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Soapbox race for Corvette's 60th

2012-06-12 13:38

CHEV'S SOAPBOX HERITAGE: Above shows a 1934 Chevrolet soapbox car which won the Indianapolis Soapbox Derby in the same year.

A Soapbox Challenge over September 22/23 2012 will be part of the historic Kop Hill Climb event in Princes Risborough, England, which was closed in 1925 but  revived in 2009.

Chevrolet’s iconic sports car, the Corvette, was named by former journalist and photographer Myron Scott, in Ohio, USA. Scott suggested using a non-animal moniker beginning with the letter "C" and the sports car name has continued for 60 years.

Scott is also known for creating the Soapbox derby itself after seeing youngsters making their own cars in his home city. He later set up the annual Dayton Soapbox Derby, believed to have been the world's first.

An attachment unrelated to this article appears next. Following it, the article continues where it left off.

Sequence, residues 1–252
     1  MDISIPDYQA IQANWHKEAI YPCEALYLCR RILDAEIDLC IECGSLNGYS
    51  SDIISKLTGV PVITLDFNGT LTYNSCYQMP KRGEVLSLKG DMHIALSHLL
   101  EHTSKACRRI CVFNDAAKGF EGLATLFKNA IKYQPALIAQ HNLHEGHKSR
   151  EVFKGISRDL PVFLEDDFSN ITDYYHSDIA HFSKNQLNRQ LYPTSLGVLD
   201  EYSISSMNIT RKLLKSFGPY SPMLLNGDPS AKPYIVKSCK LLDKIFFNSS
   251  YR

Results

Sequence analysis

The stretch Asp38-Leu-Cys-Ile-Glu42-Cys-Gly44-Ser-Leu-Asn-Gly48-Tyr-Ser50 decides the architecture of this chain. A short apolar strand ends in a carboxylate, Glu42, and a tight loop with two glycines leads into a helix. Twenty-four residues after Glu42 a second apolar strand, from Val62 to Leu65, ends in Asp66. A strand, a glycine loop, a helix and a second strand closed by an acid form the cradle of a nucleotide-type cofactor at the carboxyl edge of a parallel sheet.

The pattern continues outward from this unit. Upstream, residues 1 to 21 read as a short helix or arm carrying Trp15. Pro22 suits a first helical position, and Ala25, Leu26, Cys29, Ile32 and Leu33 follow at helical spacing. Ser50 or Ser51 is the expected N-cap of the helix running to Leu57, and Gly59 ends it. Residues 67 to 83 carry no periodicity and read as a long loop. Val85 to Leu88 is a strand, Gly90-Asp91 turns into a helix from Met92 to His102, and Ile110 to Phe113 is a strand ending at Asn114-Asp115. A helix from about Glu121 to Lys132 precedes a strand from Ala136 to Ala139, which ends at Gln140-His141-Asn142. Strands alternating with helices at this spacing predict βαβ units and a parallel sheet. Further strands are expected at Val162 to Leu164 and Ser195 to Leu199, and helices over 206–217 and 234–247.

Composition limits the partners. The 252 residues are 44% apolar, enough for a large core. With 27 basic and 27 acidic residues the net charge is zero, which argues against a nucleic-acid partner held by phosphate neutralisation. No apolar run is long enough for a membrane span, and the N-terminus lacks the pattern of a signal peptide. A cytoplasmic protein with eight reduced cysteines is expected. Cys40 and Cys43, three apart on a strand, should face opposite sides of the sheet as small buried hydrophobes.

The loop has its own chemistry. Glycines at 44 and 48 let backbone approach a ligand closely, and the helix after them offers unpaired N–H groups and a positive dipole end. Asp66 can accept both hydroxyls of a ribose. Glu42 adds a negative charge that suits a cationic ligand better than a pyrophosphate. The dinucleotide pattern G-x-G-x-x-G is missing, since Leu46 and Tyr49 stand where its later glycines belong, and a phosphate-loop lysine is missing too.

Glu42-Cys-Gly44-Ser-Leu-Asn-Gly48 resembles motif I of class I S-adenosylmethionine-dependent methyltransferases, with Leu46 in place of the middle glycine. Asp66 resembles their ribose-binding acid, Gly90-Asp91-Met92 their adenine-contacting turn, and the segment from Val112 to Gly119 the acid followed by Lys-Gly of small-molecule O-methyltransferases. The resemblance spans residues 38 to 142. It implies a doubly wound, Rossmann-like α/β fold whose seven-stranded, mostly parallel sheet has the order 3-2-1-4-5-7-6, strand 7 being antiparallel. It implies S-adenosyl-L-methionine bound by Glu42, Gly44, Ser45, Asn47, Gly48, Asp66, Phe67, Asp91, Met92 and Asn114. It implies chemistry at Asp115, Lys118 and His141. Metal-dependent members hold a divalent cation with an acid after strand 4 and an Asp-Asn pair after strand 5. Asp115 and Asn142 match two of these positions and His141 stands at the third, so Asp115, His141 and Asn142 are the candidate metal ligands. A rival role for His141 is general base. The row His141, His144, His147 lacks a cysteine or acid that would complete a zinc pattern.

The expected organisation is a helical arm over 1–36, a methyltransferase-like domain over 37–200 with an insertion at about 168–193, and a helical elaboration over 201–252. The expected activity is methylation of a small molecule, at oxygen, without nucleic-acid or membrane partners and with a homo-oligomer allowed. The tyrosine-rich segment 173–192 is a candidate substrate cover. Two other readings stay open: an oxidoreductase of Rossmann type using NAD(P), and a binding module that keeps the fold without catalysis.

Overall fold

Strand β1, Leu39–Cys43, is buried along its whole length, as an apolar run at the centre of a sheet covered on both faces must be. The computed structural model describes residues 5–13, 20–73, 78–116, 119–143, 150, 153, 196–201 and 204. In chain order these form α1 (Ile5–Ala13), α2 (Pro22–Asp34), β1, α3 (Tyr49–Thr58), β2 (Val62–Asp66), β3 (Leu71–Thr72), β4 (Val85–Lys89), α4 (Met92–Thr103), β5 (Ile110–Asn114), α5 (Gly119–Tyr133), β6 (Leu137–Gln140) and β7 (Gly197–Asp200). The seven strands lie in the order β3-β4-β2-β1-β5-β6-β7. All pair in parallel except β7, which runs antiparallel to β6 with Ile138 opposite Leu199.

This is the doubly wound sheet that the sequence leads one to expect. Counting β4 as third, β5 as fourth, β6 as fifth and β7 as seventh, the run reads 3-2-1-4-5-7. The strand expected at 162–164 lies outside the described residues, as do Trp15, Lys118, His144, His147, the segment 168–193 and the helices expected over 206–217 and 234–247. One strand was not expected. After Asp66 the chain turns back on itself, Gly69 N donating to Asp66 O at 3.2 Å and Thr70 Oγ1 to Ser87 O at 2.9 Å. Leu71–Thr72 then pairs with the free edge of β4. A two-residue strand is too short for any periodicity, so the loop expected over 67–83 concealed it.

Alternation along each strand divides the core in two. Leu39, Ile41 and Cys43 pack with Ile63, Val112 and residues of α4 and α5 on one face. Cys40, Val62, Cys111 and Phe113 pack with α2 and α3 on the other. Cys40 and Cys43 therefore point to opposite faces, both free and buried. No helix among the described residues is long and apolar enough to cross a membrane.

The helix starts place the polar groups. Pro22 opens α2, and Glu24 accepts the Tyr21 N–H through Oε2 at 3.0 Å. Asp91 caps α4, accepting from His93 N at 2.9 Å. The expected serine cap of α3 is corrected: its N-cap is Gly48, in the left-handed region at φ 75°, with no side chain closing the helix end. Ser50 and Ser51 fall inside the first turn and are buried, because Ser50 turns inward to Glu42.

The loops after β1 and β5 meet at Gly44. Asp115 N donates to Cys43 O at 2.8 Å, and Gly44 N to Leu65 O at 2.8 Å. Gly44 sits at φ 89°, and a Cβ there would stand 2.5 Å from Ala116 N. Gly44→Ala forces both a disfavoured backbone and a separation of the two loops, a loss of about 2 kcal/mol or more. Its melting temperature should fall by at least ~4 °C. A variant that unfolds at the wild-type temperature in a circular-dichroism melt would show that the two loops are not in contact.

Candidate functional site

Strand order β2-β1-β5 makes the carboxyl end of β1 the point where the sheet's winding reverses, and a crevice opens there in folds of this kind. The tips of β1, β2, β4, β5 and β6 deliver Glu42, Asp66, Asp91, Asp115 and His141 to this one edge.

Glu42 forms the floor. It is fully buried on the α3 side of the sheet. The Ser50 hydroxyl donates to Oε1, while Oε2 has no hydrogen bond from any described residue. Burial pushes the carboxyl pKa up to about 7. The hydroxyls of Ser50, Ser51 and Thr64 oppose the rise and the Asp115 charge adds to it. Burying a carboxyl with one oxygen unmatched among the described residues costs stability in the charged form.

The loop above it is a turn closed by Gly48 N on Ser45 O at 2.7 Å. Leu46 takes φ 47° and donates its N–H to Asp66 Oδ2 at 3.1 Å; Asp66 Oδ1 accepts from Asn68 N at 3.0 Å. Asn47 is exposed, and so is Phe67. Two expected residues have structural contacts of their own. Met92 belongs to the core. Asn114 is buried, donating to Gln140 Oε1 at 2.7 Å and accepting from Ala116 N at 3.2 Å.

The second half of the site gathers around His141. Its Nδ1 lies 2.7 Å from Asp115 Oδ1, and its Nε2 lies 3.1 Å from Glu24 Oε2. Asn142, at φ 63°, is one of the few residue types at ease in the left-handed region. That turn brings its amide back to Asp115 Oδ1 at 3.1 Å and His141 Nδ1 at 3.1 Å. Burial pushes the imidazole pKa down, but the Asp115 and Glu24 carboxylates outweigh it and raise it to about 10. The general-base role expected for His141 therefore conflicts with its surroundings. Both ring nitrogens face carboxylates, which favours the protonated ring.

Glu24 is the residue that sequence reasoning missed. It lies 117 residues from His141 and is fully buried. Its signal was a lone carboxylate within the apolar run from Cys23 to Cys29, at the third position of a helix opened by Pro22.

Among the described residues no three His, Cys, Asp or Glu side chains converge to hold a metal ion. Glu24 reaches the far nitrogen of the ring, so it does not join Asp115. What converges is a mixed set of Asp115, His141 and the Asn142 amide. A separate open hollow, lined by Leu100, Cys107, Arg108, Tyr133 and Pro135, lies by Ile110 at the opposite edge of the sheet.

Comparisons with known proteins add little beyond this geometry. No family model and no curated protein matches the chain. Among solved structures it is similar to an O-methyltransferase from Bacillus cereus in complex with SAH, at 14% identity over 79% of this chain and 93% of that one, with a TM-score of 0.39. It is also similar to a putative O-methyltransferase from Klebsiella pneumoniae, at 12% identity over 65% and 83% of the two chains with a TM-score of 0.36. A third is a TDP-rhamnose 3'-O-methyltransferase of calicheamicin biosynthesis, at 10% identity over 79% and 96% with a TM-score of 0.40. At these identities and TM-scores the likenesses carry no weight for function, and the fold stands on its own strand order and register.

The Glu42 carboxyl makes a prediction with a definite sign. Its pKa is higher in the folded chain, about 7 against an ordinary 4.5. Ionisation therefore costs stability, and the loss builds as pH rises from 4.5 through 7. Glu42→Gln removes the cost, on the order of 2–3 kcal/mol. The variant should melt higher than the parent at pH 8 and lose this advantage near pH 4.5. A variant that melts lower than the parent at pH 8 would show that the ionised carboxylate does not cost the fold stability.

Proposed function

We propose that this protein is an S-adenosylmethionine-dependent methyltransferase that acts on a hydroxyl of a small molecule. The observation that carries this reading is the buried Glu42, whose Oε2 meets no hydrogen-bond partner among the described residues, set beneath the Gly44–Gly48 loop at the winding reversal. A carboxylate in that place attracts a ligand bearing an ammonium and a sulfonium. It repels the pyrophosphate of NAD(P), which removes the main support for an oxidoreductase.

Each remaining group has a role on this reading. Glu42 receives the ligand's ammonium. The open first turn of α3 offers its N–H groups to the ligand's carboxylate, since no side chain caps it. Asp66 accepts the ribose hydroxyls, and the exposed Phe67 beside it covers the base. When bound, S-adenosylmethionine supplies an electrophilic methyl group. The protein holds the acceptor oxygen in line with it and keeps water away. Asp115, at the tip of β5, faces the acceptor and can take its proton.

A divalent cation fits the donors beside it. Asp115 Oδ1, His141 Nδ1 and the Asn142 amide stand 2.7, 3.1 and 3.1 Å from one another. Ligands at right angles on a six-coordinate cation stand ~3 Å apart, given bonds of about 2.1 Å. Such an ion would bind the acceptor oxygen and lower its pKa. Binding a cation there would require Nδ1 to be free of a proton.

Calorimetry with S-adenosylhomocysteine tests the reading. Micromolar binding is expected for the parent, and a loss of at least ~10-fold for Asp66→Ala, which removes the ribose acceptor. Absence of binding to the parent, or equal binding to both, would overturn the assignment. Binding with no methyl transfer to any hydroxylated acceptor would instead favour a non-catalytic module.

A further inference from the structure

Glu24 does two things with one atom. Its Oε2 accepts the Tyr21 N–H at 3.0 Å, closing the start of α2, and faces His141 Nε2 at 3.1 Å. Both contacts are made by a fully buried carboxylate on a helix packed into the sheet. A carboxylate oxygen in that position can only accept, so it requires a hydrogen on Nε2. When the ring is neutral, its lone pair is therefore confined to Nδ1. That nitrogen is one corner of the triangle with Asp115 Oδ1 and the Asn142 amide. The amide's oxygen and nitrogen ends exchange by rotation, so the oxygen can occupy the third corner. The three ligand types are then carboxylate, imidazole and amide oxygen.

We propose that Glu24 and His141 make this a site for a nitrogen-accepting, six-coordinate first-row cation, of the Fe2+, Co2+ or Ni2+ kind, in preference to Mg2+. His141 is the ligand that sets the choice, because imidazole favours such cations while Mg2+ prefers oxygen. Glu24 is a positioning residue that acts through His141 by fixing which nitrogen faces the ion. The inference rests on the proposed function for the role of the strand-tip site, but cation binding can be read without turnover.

CHILD RACERS


Like the event at Kop Hill, Chevrolet has kept close ties as the US automaker celebrates the 60th anniversary of the Corvette. Chevrolet UK managing director Mark Terry said: “Grassroots motorsport is very much part of Chevrolet's DNA. As indeed is the pioneering spirit of great engineers.

"The teams designing the soapboxes for Kop Hill may well go on to be the innovators of tomorrow and Chevrolet is a brand that stands firmly behind supporting talented youth.”

The challenge is open to competitors aged 10-17 who will be invited to participate in the design, construction, maintenance and racing of a soapbox cart. Entrants will compete as part of teams with a maximum of six members. The Soapboxes will be evaluated on their engineering, aesthetics and overall performance.

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